Effects of repetitive transcranial magnetic stimulation on recovery of function after spinal cord injury

Toshiki Tazoe, Monica Perez

Research output: Contribution to journalArticle

24 Scopus citations

Abstract

A major goal of rehabilitation strategies after spinal cord injury (SCI) is to enhance the recovery of function. One possible avenue to achieve this goal is to strengthen the efficacy of the residual neuronal pathways. Noninvasive repetitive transcranial magnetic stimulation (rTMS) has been used in patients with motor disorders as a tool to modulate activity of corticospinal, cortical, and subcortical pathways to promote functional recovery. This article reviews a series of studies published during the last decade that used rTMS in the acute and chronic stages of paraplegia and tetraplegia in humans with complete and incomplete SCI. In the studies, rTMS has been applied over the arm and leg representations of the primary motor cortex to target 3 main consequences of SCI: sensory and motor function impairments, spasticity, and neuropathic pain. Although some studies demonstrated that consecutive sessions of rTMS improve aspects of particular functions, other studies did not show similar effects. We discuss how rTMS parameters and postinjury reorganization in the corticospinal tract, motor cortical, and spinal cord circuits might be critical factors in understanding the advantages and disadvantages of using rTMS in patients with SCI. The available data highlight the limited information on the use of rTMS after SCI and the need to further understand the pathophysiology of neuronal structures affected by rTMS to maximize the potential beneficial effects of this technique in humans with SCI.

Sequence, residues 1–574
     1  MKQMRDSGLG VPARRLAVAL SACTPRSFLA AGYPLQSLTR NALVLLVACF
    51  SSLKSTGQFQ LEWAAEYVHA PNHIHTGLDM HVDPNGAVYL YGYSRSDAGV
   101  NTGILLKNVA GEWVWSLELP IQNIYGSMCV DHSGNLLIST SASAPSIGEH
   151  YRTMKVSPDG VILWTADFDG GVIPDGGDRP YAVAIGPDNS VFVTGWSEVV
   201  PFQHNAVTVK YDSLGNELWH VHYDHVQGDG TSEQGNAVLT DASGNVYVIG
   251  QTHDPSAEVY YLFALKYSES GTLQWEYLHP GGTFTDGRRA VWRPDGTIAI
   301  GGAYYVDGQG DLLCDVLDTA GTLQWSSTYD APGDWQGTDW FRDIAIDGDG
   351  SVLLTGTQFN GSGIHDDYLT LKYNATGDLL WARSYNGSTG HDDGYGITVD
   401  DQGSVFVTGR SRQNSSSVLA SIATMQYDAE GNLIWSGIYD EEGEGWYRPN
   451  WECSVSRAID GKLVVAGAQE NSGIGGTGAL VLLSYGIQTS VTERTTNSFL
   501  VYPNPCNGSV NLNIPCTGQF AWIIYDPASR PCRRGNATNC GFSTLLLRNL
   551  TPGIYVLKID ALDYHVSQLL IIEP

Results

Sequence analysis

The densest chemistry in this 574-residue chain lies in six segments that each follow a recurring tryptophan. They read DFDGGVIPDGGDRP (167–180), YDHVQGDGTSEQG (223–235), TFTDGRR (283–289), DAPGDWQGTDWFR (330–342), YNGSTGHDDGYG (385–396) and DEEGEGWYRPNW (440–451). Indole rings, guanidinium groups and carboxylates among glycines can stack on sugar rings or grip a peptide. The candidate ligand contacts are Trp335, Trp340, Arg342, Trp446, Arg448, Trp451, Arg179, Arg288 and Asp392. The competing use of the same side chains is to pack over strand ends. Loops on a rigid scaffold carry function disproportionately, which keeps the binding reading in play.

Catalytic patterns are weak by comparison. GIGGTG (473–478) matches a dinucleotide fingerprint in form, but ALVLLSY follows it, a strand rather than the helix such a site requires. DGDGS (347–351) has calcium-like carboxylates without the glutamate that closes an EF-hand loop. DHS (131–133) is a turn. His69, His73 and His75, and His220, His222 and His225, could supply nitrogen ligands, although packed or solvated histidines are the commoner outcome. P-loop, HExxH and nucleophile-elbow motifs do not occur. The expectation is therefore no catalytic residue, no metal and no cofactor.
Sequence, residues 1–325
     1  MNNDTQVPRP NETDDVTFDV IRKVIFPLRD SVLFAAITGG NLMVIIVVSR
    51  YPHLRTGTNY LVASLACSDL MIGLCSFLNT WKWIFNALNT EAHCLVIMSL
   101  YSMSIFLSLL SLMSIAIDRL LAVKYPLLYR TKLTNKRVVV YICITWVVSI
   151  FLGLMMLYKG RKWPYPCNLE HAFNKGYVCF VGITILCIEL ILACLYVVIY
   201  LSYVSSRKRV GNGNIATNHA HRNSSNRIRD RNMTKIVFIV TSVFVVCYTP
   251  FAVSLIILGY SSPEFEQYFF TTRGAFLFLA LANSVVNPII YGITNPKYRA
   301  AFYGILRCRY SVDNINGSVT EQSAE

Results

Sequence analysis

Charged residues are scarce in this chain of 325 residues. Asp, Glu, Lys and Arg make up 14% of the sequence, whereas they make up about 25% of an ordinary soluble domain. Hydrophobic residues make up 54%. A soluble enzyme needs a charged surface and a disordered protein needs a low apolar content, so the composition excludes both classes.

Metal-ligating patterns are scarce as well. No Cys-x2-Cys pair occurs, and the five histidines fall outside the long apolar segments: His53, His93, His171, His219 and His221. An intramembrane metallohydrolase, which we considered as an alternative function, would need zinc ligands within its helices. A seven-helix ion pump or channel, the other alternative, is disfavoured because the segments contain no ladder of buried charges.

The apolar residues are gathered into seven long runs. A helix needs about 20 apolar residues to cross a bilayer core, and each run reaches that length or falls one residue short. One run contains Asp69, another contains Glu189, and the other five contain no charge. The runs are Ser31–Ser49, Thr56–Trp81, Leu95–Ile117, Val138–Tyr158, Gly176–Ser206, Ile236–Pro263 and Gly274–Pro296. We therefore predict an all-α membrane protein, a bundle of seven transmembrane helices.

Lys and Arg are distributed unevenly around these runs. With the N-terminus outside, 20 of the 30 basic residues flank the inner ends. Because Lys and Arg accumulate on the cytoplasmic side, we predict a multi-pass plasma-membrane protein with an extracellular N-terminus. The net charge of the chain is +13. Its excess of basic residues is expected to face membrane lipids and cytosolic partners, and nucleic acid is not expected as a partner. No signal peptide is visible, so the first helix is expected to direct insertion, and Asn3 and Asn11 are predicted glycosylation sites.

Original languageEnglish (US)
Pages (from-to)S145-S155
JournalArchives of Physical Medicine and Rehabilitation
Volume96
Issue number4
DOIs
StatePublished - Apr 1 2015
Externally publishedYes

Keywords

  • Corticospinal tracts
  • Motor cortex
  • Neuroplasticity
  • Rehabilitation

ASJC Scopus subject areas

  • Rehabilitation
  • Physical Therapy, Sports Therapy and Rehabilitation
  • Medicine(all)

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